Legal Battle Over California’s “Flintstone House” Wraps Up
The city of Hillsborough originally sued the owner, calling the dino-festooned house "a public nuisance"
Over the years, many people have watched The Flintstones and taken in the distinctive lodgings of the family who gave the show its title. (To say nothing of the acclaimed 2017 comic book revival.) It is in no way, shape or form an accurate representation of how early humans lived, but the house’s blend of caveman chic and 1950s suburbia makes for a memorable visual. So memorable, in fact, that one California homeowner built a house that pays homage to it.
An article at Hyperallergic by Valentina Di Liscia has more information on Hillsborough, California’s own “Flintstone House.” In 1976, architect William Nicholson built the house; Nicholson’s work, like this Palm Springs home, makes use of organic shapes and domes in abundance.
By 2017, the time retired newspaper publisher Florence Fang moved in, the “Flintstone House” nickname had already come into use. And so Fang doubled down on it. The house’s yard now features a host of dinosaur sculptures, as well as the phrase “Yabba Dabba Doo” spelled out in massive letters.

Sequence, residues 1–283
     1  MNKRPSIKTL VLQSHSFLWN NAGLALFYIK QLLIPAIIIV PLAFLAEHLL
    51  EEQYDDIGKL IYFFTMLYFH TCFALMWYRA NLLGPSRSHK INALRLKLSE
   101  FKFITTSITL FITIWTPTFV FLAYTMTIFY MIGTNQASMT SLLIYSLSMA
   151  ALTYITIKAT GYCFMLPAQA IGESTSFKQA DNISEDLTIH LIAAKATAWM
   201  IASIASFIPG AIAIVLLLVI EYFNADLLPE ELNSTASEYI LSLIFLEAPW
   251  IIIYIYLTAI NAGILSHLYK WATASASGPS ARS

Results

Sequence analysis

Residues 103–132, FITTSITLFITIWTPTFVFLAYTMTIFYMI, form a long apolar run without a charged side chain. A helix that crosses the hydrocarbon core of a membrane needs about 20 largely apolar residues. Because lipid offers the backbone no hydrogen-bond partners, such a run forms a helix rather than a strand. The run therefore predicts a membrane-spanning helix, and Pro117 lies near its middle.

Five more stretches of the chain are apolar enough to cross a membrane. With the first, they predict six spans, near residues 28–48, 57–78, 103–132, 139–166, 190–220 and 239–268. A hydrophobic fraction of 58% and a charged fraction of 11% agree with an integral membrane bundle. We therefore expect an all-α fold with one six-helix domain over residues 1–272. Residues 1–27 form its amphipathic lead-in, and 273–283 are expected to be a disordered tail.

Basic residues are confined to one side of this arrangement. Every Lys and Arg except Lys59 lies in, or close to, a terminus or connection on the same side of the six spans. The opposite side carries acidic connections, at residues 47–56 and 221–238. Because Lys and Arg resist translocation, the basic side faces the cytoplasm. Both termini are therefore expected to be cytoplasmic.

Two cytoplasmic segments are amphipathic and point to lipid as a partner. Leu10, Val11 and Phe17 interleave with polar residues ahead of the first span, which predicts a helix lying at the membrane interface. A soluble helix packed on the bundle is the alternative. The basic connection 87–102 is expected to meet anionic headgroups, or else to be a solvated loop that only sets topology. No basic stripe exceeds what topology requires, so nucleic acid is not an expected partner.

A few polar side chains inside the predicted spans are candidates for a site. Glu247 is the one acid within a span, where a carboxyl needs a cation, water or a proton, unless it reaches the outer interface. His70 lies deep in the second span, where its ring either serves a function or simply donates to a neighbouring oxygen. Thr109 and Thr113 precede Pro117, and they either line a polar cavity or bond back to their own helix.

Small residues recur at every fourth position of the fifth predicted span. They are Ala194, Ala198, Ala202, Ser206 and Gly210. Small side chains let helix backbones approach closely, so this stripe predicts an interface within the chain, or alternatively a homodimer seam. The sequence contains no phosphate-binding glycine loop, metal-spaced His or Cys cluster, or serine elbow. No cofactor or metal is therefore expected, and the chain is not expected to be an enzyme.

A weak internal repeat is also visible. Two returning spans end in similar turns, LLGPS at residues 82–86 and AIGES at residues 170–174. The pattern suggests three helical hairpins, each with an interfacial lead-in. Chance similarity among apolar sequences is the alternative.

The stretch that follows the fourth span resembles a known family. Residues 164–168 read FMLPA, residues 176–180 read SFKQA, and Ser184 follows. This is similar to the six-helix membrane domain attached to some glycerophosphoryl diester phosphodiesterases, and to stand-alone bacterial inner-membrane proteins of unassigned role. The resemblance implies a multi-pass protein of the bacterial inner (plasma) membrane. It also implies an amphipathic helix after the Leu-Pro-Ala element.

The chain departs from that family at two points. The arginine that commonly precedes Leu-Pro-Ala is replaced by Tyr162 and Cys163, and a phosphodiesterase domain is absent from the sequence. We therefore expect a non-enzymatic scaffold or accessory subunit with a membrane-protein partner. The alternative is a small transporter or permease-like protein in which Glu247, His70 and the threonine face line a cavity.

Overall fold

The city was not impressed by these renovations and filed a lawsuit to put a stop to them in 2019. Fang countersued, arguing that she was being discriminated against.
Fang and the city have now reached a legal settlement. According to Di Liscia’s article, Fang “has agreed to apply for permits for any additions to the home’s exterior, but they are guaranteed to be approved.” She’s also receiving $125,000 from the city to cover her legal expenses.
And the Flintstone House survives to delight passing traffic on I-280. It’s a building that’s hard to miss, after all.
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